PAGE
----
The wines life journey. As soon as a wine is bottled, it slowly starts to oxidise because of the oxygen in the air, even if it stays unopened. So all wines are travelling towards their doom, and will eventually become vinegar in the end. It is the quality of the wine, together with the acidity and tannins that ultimately decides how long the wine can keep the oxidation at bay, and develop complexity before it fades away into eternity. Red wines with a higher level of tannins will become more drinkable after some years in the cellar; the same goes for some white wines with a very high level of acidity when young. They will also benefit from some years in the cellar, to mellow the high acidity and develop more layers of complexity.
As a red wine becomes older its lovely ruby to purple colours will start to fall out of the wine, and it will become brighter towards garnet, then tawny and eventually brown. White wine will also start to loose its vibrant green to yellowish colour, and will also develop towards brown.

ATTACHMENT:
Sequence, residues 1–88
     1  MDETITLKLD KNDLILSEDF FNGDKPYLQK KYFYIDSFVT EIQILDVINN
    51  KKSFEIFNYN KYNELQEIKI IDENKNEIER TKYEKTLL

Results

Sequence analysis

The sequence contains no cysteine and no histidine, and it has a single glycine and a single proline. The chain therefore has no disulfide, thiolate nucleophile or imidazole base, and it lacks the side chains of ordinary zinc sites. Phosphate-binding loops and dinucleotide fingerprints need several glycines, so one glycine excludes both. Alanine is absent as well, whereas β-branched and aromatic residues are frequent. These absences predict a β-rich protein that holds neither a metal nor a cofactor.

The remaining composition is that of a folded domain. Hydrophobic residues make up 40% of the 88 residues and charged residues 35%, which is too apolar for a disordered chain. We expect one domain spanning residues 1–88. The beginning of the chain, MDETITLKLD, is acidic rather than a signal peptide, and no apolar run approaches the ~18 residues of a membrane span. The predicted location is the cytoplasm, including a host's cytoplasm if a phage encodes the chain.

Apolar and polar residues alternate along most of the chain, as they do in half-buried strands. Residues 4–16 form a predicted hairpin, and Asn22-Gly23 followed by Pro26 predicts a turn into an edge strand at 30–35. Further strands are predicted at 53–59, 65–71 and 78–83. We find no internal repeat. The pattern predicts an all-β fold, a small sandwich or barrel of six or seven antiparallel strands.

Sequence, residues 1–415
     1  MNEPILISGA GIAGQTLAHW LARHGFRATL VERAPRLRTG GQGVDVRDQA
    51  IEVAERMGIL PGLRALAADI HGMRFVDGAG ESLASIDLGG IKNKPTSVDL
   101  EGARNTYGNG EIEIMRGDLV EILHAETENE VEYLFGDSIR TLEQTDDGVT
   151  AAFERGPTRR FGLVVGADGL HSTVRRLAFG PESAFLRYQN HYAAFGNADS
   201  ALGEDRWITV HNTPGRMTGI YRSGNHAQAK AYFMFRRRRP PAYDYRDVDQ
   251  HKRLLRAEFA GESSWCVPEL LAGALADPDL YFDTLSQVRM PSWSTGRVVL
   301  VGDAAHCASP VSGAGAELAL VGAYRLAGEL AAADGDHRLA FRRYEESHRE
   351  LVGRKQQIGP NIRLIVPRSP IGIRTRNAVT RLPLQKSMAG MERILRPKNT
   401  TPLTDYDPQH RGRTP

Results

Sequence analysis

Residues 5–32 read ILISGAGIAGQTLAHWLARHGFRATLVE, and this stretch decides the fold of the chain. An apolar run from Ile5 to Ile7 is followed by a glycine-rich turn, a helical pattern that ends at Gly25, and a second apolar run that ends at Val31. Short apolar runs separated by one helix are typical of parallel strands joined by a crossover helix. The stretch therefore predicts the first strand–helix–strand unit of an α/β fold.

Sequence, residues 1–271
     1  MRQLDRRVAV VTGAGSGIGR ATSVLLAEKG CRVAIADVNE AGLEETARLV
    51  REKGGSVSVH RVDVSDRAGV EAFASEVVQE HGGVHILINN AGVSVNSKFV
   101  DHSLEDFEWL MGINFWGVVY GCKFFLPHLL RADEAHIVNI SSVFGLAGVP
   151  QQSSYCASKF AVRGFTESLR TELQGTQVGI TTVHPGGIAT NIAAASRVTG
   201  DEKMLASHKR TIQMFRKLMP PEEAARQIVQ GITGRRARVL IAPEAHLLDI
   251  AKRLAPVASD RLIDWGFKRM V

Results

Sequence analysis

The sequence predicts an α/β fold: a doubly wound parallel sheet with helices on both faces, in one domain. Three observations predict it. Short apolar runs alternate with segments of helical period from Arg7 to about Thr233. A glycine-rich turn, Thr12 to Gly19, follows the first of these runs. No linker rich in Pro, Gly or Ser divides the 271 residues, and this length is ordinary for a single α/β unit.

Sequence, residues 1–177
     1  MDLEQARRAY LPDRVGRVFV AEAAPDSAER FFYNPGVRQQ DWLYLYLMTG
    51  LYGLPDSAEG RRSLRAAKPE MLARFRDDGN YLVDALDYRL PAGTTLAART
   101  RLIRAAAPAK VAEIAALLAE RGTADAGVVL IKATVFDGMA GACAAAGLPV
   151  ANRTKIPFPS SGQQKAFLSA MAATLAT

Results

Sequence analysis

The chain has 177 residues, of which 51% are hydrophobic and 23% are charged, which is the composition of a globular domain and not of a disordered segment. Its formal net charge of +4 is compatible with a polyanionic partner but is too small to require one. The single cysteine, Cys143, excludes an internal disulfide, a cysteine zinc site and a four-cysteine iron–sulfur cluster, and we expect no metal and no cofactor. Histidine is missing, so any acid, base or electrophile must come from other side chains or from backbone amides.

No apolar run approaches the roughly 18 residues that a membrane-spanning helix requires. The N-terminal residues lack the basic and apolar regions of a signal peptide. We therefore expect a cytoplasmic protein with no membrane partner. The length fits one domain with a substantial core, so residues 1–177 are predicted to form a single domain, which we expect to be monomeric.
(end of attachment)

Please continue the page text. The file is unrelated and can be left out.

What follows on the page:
The winemaker and farmers choice. In earlier days it was much more common for wines to need several years in the cellar before they even became drinkable. In the market today however, with a fast paced world and with more impatient consumers, most wines are made for consumption straight away.
But its the farmers and ultimately the winemakers choice who decides if a wine is compatible for storage at all. Low quality grapes have never made good wine, especially not for storage. So if a farmer wants more flavour and concentration in the grapes, so they can be made into storable wine, he needs to cut heavily down on the yields. This mean reducing numbers of grape clusters on the vines. This will of course also result in less wine, so for the farmer to have a viable business model, he needs to charge more for the finished wine. Flavour concentration in the finished wine, is crucial for a wine to be able to come at age at all.